It’s a frustrating situation facing many organizations that are far along their “digital transformation” journeys: they want and need more and more connected devices to optimize operations and enable data-driven decision-making, but they operate in environments where it’s too hard to scale traditional Wi-fi and wired connectivity.
This is an all too common challenge for industries such transportation, utilities and mining sectors, which are instead turning to private wireless 5G networks to overcome this challenge. Adoption rates for private wireless are also increasing in more traditional office environments, where network security and reliability are a high priority. And many organizations are discovering that a private wireless network can complement – rather than replace – existing IT infrastructure.
Extracting maximum business value from incorporating private wireless into an organization demands that IT leaders and non-technical business line managers collaborate from the outset; with a better understanding of how a private 5G network can drive operational efficiencies and create a better customer experience, business line managers can provide critical insight into business objectives that IT leaders can bake into their strategic planning for how 5G will be built and used.
Indeed, this is already occurring in many organizations organically as private 5G networks are increasingly recognized as mission-critical infrastructure not only by CIOs and IT leaders, but also operations leaders and business users who are drawn to them by the speed, low latency, security and reliability they offer.
“Private networks are finally being recognized as powerful enablers of business transformation, not just IT transformation,” says David Grady (CISM), manager of network and security marketing at Verizon Business. “From revenue generation and cost control to product innovation and improved customer service, many business objectives can be better met with the help of a private wireless network. The more that business leaders understand that, the more they can partner with IT to deploy the right connectivity and capabilities.”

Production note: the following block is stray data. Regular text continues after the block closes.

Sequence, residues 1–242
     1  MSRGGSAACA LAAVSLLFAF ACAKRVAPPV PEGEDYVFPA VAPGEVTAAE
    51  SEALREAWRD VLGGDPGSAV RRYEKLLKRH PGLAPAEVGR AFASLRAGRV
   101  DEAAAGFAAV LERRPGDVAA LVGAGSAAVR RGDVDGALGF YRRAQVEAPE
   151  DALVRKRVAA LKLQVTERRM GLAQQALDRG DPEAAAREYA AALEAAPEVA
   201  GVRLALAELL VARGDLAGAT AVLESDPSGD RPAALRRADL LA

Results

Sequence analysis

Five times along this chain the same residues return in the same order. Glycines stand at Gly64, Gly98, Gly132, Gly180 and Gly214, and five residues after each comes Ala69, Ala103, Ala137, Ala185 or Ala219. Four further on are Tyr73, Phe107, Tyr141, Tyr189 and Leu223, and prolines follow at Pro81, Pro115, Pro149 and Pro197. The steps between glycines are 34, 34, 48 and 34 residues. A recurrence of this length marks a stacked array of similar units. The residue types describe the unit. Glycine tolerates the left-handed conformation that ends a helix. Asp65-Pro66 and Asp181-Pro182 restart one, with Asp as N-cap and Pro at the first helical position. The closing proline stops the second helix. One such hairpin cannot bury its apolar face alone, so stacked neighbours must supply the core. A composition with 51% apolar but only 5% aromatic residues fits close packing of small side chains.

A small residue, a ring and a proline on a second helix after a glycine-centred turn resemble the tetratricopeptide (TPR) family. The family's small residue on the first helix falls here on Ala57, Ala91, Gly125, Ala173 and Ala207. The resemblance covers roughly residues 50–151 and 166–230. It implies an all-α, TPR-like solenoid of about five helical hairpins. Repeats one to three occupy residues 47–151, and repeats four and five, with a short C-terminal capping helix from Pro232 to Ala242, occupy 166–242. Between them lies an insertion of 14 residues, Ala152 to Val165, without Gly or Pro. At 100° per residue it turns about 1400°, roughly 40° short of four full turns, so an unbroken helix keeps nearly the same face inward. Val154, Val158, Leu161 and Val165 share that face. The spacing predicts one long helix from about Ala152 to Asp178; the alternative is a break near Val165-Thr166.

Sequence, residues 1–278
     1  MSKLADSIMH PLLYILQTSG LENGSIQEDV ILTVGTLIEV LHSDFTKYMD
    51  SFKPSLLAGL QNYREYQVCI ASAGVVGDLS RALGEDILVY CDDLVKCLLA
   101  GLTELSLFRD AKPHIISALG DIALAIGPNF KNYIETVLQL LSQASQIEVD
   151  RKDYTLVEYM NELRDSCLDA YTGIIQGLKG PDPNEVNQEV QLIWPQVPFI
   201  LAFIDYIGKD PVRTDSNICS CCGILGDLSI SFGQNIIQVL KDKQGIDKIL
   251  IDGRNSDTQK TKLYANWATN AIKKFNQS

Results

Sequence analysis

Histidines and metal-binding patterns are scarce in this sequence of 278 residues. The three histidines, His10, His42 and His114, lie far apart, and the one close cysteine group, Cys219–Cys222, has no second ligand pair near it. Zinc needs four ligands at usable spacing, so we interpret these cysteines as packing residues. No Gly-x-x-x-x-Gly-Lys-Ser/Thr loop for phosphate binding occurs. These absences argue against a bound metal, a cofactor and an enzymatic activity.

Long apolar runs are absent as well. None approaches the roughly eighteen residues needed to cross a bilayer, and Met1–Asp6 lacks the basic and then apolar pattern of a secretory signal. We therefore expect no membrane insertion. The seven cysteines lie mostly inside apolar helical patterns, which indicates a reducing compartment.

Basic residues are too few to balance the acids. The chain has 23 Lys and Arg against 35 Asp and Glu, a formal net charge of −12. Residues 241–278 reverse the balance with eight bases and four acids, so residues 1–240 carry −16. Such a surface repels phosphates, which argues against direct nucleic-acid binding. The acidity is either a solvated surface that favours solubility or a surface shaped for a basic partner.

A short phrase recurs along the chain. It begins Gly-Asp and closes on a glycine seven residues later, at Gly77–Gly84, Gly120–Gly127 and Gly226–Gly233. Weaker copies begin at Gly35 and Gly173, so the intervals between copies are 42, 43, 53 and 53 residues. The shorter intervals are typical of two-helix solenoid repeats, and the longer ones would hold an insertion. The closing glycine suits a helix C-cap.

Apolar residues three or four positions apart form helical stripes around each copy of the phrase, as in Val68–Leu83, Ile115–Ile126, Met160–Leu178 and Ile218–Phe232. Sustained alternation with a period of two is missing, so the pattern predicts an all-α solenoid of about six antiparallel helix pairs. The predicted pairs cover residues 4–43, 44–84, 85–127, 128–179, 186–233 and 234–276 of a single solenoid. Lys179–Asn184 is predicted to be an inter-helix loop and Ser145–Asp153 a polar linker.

Grady points out that with Private 5G networks, companies have better control over which devices and applications are prioritized for maximum bandwidth, meaning mission-critical workloads come first. This is particularly important in highly regulated industries where security and application availability is crucial.
Private 5G is gaining traction, too, because it enables organizations to connect thousands of devices to process and analyze massive amounts of data in near real time, which can help transform operations and inform strategic decision making.
“For years, technologists and IT leaders have talked about ‘enterprise intelligence’ – being able to collect, analyze, and act on data almost immediately to achieve business objectives,” Grady explains. “Trying this just a few years ago required an enormous investment in network infrastructure and data storage and processing capabilities. Private wireless and edge computing have greatly streamlined all of this, making the promise of enterprise intelligence a reality now.”
“At Verizon, we’ve been designing and managing wireless networks for decades,” he adds. “It’s what we do and what we do best, as evidenced by our public network, which remains the most extensive and most reliable. I think the growing popularity of private wireless networks reflects that businesses are so very eager to accelerate innovation, and they see that Verizon has a proven track record of helping make that happen in a number of industries.”
See how ABP made a decision to use their Verizon Private 5G Network to help make the Port of Southampton an efficient, global port.